“If I remember correctly, it was roughly $35 for a bottle of insulin and I used about three per month. This did not include the cost of other supplies I needed, like syringes.”
As the years passed, Schock eventually married and received health insurance. When she and her husband found out they were expecting their first child they were referred to Dr. Robert Lash, director of High Risk Obstetrics for Gestational Diabetes at the University of Michigan. Under his guidance, Schock delivered a healthy baby boy and, 14 months later, a baby girl. “I contribute their good health to Dr. Lash’s care,” she says. (The photo above of Nicoleta and her children was taken in 2006.)
After her pregnancies, Schock sought diabetes care outside the U-M network. During this time, she began experiencing severely low blood sugar readings. She recalls one situation that was truly alarming.
“I began losing the ability to tell when my sugar was dropping. One day I was out shopping and didn’t realize it was getting too low. I remember coming out of the store and I couldn’t find my car. I finally found it and, when I got in, I passed out for nearly five hours. My husband was looking for me and calling my cell phone. He called 911 and they began searching for my car. Fortunately, I awoke and had enough strength to drive home, which, looking back, I would not advise anyone to do.”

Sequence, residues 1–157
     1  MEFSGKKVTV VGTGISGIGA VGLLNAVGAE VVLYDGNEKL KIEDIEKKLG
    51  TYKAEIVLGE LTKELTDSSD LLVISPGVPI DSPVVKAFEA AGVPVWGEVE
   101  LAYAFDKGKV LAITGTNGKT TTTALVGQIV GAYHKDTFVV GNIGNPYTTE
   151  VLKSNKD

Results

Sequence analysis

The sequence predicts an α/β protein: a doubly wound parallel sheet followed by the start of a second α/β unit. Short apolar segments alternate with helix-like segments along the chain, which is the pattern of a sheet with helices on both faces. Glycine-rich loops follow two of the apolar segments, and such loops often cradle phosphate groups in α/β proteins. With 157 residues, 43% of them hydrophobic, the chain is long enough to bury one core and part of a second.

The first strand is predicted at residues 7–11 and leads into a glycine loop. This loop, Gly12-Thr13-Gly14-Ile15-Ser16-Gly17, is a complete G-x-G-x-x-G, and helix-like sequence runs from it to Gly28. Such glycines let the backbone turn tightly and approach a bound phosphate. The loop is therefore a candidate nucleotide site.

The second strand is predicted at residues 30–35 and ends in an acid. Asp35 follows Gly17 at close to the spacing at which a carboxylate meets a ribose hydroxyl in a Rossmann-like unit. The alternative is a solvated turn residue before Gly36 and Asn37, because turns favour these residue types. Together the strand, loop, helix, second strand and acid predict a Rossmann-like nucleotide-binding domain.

Schock soon decided to be seek her complete diabetes care from a U-M physician and was referred to Dr. Rodica Pop-Busui, a U-M endocrinologist, who is also from Romania.
“I couldn’t have asked for a better physician! Right away I knew I was in the best hands possible for my disease. And my nurse educator, Linda Dale, was fantastic, too. She spent a lot of time with me. I attended the group classes for people with type 1 diabetes and learned a lot of new information that helped me take better care of my diabetes."
Part of her care has been using a diabetic pump — a small device about the size of a pager that continually delivers a small dose of insulin. “I had to be sold on the pump.” Schock says. “I didn’t like the idea of being attached to something 24 hours a day. But now I have used it for almost a year and I love it. It is much easier than carrying around syringes and bottles of insulin. Plus, my sugar levels have improved drastically.”